Created in 2002, the Office de consultation publique de Montréal (OCPM) is an independent public organization whose mission is to carry out public consultation mandates entrusted to it by the Montréal city council or executive committee. It distinguishes itself by its consultation practices based on the concept of an independent, transparent and credible neutral third party.
In its first ten years of existence, the OCPM has held no less than 103 public consultations. Its mandate primarily involves urban and land-use planning projects under municipal jurisdiction, but is not limited to those matters1. For instance, consultations may pertain to the following areas:
· shared or institutional equipment (hospital, university, regional park, etc.)
· major infrastructure (airport, shunting yard, water treatment facility, etc.)
· a residential, commercial or industrial establishment situated in the business district
· a heritage site or site located in a historic and natural borough, a recognized historic monument or classified cultural property
· draft municipal policies, visions or development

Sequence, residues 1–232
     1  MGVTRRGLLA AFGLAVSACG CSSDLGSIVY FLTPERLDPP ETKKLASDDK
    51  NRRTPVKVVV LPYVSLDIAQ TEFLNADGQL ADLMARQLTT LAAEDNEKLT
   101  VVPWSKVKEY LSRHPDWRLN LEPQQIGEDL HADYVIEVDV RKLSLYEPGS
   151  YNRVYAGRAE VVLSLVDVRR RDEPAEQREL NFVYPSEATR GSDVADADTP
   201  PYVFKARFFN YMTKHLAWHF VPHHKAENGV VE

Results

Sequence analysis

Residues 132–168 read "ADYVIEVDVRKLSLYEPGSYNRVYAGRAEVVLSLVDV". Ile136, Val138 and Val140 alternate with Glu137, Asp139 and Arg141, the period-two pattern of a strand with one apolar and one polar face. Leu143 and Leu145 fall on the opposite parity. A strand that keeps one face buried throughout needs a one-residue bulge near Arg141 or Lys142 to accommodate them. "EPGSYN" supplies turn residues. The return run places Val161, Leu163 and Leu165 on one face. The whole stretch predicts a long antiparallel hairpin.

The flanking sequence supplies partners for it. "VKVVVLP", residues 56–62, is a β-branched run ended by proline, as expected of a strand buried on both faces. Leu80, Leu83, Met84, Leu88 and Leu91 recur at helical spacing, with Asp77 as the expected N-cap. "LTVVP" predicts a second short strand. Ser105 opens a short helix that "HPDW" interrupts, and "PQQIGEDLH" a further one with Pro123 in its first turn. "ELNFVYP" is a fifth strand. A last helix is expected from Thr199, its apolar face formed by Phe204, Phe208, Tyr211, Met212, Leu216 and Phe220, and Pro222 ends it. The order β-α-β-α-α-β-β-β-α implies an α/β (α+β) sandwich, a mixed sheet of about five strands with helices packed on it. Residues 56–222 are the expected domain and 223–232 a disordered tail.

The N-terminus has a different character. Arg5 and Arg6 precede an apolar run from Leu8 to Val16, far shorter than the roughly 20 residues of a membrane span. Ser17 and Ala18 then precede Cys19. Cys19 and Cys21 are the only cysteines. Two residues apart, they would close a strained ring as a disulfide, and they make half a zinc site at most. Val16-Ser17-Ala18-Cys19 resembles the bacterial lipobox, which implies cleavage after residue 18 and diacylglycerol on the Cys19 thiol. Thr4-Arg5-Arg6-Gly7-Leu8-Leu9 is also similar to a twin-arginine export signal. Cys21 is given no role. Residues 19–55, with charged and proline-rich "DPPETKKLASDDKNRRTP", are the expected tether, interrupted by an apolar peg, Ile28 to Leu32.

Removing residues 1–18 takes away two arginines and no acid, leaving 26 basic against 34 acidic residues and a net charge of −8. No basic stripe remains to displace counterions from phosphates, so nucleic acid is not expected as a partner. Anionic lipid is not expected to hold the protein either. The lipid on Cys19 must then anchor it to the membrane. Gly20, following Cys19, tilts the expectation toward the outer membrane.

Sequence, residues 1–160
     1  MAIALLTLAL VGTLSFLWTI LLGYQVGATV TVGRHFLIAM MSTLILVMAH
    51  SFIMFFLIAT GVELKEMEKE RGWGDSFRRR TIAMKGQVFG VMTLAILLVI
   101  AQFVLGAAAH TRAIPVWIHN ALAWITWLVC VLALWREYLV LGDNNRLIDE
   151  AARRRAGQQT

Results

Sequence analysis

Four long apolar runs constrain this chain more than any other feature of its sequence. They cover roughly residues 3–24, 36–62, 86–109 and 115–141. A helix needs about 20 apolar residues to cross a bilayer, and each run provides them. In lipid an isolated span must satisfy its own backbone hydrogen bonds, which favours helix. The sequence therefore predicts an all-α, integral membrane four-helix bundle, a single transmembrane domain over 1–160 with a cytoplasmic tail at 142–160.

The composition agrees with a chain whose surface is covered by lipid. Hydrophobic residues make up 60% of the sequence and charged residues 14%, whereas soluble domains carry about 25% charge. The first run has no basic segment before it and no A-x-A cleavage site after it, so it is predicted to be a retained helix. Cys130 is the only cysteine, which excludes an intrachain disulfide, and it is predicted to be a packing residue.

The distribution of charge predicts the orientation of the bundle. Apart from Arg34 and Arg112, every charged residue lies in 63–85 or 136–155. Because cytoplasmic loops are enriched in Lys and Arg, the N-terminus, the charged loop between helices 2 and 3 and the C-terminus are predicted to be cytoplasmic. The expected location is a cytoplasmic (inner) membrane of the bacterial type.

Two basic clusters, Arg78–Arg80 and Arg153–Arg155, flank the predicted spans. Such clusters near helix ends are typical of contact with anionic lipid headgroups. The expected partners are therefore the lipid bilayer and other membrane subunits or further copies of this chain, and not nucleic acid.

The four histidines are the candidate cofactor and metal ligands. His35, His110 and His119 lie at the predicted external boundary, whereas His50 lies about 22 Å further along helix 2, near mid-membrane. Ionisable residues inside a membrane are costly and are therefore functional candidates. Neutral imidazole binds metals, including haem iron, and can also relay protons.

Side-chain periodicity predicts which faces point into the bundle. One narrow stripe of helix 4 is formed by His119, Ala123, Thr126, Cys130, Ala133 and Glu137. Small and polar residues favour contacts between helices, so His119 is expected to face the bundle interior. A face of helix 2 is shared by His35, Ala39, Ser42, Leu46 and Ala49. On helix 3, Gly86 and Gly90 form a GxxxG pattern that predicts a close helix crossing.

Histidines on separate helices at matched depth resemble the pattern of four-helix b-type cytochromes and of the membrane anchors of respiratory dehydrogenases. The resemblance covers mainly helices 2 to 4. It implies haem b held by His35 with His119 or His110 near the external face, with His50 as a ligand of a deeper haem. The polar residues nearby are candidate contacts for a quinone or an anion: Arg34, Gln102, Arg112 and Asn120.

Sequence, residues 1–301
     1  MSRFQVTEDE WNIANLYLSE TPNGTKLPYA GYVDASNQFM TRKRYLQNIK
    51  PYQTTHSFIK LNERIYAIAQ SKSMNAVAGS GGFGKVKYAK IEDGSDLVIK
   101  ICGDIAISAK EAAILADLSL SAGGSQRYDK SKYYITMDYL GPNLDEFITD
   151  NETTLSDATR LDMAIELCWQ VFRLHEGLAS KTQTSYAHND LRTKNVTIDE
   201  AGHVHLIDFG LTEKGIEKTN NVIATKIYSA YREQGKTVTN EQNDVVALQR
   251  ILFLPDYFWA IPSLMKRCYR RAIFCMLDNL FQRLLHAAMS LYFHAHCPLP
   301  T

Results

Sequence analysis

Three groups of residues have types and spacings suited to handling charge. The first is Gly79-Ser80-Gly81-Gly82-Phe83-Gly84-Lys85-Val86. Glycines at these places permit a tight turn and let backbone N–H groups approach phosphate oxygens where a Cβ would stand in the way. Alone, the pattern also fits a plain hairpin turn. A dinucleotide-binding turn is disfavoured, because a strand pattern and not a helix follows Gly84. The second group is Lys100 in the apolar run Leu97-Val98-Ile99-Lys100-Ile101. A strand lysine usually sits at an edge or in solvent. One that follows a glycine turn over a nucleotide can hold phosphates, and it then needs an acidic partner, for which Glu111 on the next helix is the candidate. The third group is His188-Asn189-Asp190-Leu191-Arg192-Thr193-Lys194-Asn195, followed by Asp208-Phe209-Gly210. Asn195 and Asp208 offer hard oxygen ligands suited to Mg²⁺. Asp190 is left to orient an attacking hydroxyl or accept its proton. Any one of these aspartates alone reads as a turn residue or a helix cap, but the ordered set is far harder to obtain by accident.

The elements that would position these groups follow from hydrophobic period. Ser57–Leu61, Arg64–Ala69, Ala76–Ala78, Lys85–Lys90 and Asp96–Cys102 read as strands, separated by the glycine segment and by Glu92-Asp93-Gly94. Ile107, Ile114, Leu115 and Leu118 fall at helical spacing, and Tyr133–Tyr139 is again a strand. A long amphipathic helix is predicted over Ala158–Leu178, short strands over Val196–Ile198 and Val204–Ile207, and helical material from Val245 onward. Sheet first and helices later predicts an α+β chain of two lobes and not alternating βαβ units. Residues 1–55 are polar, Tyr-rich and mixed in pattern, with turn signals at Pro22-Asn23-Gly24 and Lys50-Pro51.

However, the OCPM does not have the power to initiate consultations on its own. Its mandates must necessarily come from the city council or the executive committee.
Consultations result in the publication of reports outlining the issues and positions expressed by the citizens. Analysis and recommendations are also formulated to municipal elected officials. The process has no decision-making capacity, but its formal and autonomous nature, as well as the good media coverage it gets, makes it difficult to ignore for the decision-makers.
In addition, the Office has the mandate to propose rules to structure public consultation in Montréal to ensure the implementation of credible, transparent and effective consultation mechanisms.
The Genesis of the Office
The first formal public consultation structure appeared in the late 1980s in Montreal, with the creation of the Bureau de consultation de Montréal (BCM). For five years, this organization held public consultations on issues submitted by city authorities. However, at that time, the existence of the BCM was closely linked to the political power in office, as it was constituted under a by-law adopted by the city council. Therefore, in 1994, the new Montréal administration decided to abolish it by revoking the by-law. From then on, public consultations would be held by a single city council standing committee.